protect plants or let them freeze?

helenh(z6 SW MO)October 10, 2013

Next week we may have a frost. Are you going to protect some plants or call it a season? I may pick tomatoes before the cold comes; not too many green ones because they really don't taste as good. I was sick of cucumbers but they died and now I wish I had a cucumber. I may lay some sheets over the melampodium and blue salvia. I have already brought in some sun coleus and torenia starts. If frost is a sure thing I may drag the big pot of sun coleus inside because that is so easy to keep through the winter.

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joeinmo 6b-7a

If you can get by the one frost, I can usually keep most everything deep into Nov.

Growing gets really slow, but hey a couple warm days in Nov. and you could have some late season garden grown veggies.

    Bookmark   October 10, 2013 at 10:39PM
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sunnyside1(z6/SW Mo.)

I'm going to bring in the big pots out on the patio -- and take cuttings of basil, coleus, and Ruella the Big. Curtis, the owner of Joplin Greenhouse, hates Mexican petunia and just has a few on hand for a little while in the spring. So I never take a chance on that, Ruella (the Big), being available to buy. When it really comes down to bringing them in or letting them freeze, I usually opt for saving their little lives, if I have a lot of work in them. The hisbiscus, gardenias, tropicals all come in. Potted hosta stay out.

I'm picking all the green tomatoes before frost, though, and I usually have some tomatoes left around Christmas. Same for green peppers, chard, and Brussels sprouts. Bringing the potted cannas in, but not depotting them this year. They go under the bench in the very cool part of the greenhouse, and the Tropicana canna seems to like being in the garage. Didn't grow but one smaller pot of caladiums this year, so they are going to go bye-bye outside.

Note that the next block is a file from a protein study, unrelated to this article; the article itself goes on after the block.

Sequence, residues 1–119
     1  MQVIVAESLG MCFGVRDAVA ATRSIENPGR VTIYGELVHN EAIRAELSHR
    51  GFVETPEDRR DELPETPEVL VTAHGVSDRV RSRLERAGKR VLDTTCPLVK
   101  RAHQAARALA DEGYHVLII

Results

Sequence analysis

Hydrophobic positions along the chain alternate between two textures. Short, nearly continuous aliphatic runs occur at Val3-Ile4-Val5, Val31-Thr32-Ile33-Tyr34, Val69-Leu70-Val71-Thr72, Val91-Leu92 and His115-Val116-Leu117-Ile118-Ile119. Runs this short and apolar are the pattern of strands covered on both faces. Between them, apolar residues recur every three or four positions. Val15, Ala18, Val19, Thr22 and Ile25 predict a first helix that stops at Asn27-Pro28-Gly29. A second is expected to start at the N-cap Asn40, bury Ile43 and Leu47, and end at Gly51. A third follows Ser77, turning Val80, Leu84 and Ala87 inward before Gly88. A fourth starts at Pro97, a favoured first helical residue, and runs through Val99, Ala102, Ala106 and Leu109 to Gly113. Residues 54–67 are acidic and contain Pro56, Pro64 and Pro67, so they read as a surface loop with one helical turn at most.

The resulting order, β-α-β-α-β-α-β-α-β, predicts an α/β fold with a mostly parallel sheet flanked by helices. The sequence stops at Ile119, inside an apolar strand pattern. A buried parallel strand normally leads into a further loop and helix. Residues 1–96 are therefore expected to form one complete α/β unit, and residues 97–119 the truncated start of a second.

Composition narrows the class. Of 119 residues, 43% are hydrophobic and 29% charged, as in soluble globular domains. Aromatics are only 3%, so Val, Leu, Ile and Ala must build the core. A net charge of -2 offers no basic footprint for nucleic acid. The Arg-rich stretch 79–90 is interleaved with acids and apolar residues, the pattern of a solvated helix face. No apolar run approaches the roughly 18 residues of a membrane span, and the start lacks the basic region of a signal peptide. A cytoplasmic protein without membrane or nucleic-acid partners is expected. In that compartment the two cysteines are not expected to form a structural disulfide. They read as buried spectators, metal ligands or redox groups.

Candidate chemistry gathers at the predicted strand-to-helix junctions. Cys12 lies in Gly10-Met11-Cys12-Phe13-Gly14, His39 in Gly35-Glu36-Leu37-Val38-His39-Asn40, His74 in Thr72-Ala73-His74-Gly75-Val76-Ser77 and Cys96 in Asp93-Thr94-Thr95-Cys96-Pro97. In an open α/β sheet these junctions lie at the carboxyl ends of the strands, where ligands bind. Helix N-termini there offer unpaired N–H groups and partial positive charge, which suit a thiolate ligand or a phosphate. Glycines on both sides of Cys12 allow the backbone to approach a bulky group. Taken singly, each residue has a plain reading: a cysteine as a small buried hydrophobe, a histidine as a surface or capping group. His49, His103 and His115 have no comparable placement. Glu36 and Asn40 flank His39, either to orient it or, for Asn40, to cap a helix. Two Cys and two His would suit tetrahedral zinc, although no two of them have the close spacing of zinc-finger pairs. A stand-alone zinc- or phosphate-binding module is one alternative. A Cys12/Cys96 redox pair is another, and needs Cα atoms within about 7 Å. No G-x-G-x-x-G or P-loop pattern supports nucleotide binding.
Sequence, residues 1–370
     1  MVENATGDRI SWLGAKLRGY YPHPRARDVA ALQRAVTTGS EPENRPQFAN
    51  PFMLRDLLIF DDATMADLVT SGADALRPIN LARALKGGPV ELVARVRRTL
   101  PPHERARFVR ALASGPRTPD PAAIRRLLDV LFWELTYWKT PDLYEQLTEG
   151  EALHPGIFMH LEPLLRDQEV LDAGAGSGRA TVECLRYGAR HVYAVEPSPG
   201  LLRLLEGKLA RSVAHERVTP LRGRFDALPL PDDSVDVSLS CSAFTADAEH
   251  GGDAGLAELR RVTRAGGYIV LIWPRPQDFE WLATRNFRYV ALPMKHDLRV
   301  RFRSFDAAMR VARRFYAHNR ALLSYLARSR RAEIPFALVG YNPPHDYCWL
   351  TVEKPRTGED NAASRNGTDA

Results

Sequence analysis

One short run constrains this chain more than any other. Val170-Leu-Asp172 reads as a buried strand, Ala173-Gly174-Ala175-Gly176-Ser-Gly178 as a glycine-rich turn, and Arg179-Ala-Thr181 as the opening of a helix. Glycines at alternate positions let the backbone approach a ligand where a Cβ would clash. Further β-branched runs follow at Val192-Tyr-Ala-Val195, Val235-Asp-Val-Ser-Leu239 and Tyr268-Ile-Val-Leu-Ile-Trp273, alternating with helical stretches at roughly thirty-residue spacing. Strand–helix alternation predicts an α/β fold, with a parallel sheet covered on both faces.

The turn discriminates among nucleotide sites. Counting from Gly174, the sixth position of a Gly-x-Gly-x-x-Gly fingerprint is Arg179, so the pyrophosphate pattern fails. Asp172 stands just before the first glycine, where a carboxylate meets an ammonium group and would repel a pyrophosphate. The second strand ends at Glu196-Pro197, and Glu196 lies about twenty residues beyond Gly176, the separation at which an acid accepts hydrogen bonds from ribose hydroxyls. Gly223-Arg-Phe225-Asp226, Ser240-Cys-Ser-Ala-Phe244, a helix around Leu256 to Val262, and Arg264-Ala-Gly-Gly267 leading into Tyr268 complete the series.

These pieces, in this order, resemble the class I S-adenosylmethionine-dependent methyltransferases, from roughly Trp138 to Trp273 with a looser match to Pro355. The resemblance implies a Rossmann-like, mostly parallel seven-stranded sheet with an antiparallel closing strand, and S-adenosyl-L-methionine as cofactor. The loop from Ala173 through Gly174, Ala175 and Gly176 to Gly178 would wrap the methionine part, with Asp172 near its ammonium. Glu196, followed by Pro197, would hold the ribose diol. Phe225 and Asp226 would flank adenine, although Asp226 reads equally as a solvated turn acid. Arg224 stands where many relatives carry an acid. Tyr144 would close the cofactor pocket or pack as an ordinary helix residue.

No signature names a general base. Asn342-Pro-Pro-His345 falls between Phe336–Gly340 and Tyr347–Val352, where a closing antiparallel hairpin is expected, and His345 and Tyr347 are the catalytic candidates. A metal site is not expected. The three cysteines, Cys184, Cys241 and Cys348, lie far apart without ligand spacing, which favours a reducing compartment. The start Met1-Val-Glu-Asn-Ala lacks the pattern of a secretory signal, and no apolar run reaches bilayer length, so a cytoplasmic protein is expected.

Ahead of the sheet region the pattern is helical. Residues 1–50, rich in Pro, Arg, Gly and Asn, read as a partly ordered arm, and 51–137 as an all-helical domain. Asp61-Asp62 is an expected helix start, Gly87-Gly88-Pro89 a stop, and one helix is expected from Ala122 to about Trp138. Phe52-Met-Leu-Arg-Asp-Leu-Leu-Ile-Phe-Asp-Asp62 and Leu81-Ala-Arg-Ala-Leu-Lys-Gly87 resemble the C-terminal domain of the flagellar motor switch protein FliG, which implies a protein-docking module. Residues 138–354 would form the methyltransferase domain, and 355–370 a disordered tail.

My daughter took a large varigated weeping fig which I have grown over 5 years, so I don't have to wrestle that to shelter. The big pink camelia, which was my father's, is loaded with buds, so that gets rescued, for sure, because he would come back and haunt me. He brought it back as a cutting from a California trip in 1966.

Somehow I'm looking forward to snow. Isn't that crazy?? I guess looking at the Weather Channel's coverage of the Dakotas made me rather long for being snowed in for a bit. I think I must be tired. Yes, I know it's nuts. I'm definitely NOT a winter person. My husband used to call me "Swamp Angel" because summer heat was "bring it on."

    Bookmark   October 10, 2013 at 11:11PM
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I have a few things to move into the garage. That way I can put them out on the driveway on good days. Mother Nature, being bipolar, gives us a big zap and then from 2 to 4 weeks of absolutely beautiful weather, so, like Joe said, if you can cover things and get past the initial freeze you can grow things awhile longer.

I'm just now getting fall beans and with what I can pick today will have enough for my first canner load of quarts. I sure wish I'd started them sooner but next year will be different. There won't be time to get seed from them, that's for sure, and I don't know how I would be able to cover them, since they're climbers.

Holy basil and greek columnar basil haven't made seed yet. Bummer. I guess I'll cover them.

The broccoli will probably be fine. I'll go ahead and let the tomato plants take it on the chin, I haven't been getting very much from them anyway. I'll pick all the peppers.

That's pretty much it.

A freeze won't be ALL bad, at least it'll kill off some bugs.

    Bookmark   October 11, 2013 at 7:24AM